Tuesday, June 10, 2014
The Atlantic Cities blog looks at the scourge of downtown parking lots:
Whether you agree with their premise or not, there’s no arguing that huge surface parking lots create an atmosphere that is inherently hostile to the pedestrian: dull, unbearably hot in summer, windswept in all seasons, and potentially menacing, especially to women returning to their cars alone after dark.
In the Streetfilms short, Garrick talks about the way that guaranteed parking for government employees in the state capital of Hartford, Connecticut, has created an effective moat between the city’s historic residential neighborhoods, many of which have rows of fine brownstones, and its downtown, which has been gutted of small-scale employers and services.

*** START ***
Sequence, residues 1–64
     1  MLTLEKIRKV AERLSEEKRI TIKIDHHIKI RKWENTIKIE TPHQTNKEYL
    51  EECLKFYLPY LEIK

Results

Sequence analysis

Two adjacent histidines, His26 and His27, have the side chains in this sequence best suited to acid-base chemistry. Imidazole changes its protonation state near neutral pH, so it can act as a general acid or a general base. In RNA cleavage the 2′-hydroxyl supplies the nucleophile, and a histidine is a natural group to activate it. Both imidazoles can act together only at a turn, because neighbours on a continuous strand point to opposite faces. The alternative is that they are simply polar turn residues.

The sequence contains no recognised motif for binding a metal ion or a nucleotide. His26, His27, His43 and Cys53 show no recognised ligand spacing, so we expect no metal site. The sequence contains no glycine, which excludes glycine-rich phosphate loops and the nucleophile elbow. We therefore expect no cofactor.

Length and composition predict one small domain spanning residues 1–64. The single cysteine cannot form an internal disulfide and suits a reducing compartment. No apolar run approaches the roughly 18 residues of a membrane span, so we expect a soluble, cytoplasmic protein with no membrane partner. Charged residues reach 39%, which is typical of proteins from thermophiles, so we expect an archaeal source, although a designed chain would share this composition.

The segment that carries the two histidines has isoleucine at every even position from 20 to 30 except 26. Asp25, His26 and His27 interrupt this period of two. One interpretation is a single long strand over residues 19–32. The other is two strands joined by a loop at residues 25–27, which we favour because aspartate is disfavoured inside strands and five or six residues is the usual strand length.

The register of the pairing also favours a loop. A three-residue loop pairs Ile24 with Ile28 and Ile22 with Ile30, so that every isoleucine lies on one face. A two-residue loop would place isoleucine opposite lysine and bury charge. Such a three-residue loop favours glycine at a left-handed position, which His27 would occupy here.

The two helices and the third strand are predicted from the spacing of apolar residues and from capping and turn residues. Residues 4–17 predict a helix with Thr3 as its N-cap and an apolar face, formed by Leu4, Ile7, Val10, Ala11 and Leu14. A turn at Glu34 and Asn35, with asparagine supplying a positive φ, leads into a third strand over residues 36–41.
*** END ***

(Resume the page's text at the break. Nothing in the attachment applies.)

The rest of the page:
[...] Garrick says that some cities, such as Cambridge, Massachusetts, and more recently Washington, D.C., have made good headway in reversing the trend toward massive parking lots that overwhelm the human scale and lead to downtowns devoid of people. “It’s very hard for people to realize, and it’s very hard to prove that planning is the reason,” says Garrick. “But this is the result of planning.” Better planning, he says, could mean a restoration of cities where the streets are for people, not cars.